Whether you’re struggling with unresolved customer complaints within the aviation industry, or wasting time and money on repetitive tasks on the construction site, there’s a business process improvement (BPI) concept to resolve your operational challenges.
By the end of this article, you’ll have a clear understanding of how to move forwards with business process development and how workflow automation software can help.
Business process improvement is an approach to identifying and resolving workflow problems.
The goal of BPI is to make processes more efficient, effective, and adaptable to changing business needs. It involves a structured methodology for assessing current processes, identifying areas for improvement, and implementing changes to achieve better results.
BPI helps companies become more efficient, effective, and adaptable in a rapidly changing business environment.
By redesigning and optimizing your existing tasks, such as filling out industrial safety checklists, work orders, or purchase requests, you can simplify operations, streamline automation, and boost productivity.
By focusing on how to improve internal business processes, you’ll discover that the benefits can be seen across the board and apply to practically every operational activity.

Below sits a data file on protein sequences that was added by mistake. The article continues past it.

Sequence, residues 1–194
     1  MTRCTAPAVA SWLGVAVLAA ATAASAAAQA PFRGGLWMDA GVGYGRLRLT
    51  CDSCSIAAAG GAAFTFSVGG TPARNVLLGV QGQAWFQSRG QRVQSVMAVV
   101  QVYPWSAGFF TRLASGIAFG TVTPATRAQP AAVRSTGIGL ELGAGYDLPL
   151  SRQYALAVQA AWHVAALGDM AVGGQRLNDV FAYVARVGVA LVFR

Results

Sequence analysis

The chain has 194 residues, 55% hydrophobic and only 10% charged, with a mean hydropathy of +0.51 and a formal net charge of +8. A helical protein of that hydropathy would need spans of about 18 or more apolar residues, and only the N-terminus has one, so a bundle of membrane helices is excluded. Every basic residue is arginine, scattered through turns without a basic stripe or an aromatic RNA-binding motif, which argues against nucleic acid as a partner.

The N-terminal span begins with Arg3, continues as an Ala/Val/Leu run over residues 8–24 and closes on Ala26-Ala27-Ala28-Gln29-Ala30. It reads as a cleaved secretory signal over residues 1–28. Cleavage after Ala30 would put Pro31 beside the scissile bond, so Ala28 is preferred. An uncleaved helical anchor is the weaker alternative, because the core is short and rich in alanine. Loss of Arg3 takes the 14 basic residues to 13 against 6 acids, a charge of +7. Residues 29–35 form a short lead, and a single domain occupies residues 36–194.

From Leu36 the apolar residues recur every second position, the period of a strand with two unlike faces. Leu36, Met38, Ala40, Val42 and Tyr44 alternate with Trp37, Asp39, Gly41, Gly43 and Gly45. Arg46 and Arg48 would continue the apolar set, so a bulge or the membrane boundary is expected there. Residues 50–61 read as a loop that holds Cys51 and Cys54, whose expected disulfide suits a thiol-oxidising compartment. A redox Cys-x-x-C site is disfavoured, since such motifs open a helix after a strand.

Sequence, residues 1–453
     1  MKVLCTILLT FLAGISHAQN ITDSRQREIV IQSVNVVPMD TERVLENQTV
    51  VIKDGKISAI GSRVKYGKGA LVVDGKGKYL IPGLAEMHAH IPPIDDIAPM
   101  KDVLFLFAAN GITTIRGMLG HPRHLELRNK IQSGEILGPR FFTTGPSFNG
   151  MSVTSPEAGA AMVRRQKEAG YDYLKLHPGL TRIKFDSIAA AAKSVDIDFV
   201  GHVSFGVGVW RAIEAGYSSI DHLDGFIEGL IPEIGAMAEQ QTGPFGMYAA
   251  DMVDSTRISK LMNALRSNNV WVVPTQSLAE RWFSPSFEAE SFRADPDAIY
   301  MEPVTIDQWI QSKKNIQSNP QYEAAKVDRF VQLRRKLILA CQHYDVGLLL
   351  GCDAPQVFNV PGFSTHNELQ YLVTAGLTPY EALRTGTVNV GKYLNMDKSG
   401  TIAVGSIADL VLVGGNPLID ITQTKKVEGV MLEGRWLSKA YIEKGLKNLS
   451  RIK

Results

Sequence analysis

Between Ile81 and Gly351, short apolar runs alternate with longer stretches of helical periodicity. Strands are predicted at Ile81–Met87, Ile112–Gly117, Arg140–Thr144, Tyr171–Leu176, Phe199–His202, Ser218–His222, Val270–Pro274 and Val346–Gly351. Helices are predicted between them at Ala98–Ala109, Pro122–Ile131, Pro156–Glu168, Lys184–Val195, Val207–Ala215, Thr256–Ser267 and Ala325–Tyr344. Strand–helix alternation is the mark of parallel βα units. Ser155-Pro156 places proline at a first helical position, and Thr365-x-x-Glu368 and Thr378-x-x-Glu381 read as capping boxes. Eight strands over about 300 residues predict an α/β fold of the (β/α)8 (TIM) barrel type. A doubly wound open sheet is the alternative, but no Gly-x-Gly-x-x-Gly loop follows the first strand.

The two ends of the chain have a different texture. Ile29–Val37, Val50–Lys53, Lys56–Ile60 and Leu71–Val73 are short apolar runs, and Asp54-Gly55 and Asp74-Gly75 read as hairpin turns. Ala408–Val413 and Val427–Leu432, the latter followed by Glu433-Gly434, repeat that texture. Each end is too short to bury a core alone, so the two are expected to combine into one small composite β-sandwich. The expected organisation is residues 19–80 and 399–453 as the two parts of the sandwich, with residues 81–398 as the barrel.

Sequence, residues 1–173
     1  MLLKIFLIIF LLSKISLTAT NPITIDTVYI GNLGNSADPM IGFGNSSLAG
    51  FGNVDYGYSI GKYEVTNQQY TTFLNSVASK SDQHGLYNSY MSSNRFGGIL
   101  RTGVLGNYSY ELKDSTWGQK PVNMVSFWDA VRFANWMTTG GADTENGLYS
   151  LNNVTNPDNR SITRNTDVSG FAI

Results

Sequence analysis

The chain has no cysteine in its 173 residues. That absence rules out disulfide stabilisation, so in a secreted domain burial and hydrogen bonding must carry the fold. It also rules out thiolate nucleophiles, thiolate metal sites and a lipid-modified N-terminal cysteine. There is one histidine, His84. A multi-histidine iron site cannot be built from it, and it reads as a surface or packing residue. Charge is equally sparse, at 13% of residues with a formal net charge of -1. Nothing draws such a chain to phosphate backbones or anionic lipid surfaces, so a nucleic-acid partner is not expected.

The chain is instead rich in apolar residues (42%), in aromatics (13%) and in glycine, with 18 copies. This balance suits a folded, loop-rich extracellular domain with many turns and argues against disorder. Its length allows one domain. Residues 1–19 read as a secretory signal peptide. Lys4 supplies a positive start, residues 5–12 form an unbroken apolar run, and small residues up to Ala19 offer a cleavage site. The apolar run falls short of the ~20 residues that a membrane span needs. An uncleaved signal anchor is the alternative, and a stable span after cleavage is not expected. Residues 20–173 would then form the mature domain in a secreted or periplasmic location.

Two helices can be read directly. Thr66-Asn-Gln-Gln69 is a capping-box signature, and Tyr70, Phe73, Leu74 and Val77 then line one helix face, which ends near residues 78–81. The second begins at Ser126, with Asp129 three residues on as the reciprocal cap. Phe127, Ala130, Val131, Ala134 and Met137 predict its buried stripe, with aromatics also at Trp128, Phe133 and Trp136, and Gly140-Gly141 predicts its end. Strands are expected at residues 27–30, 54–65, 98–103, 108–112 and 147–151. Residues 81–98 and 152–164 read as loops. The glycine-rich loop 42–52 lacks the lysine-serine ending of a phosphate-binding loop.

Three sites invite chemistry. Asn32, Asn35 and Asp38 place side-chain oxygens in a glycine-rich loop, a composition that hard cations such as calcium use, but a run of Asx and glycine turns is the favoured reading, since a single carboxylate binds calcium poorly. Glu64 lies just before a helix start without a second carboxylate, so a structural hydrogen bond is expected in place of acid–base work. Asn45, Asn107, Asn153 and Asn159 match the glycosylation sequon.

Business activities can be classified in one of the following categories:
All of the tasks within these categories require ongoing evaluation and adjustments. Implementing changes can be time-consuming, but business automation software can streamline these processes.
To make successful changes, it’s important to understand how information technology improves business processes and which data you should be collecting and analyzing.
There are several BPI methodologies out there, but here we’ll focus on three popular ones: Six Sigma, Total Quality Management and the Theory of Constraints.
We’ll explore each methodology and its unique approach to business process improvement solutions. From data-driven reviews to customer-centric optimizations, you’ll discover which methodology aligns best with your company’s goals.
With a foundational knowledge of the following business process improvement examples, you’ll be ready to apply these tactics to your organization.
If you’re looking for a methodology that relies on analytics and making data-driven decisions, Six Sigma is the way to go.
Originally developed for manufacturing, Six Sigma has evolved into a versatile approach that can be applied to any activity within your organization.
This methodology proposes that the DMAIC framework can be used to solve any problem and eliminate inefficiencies.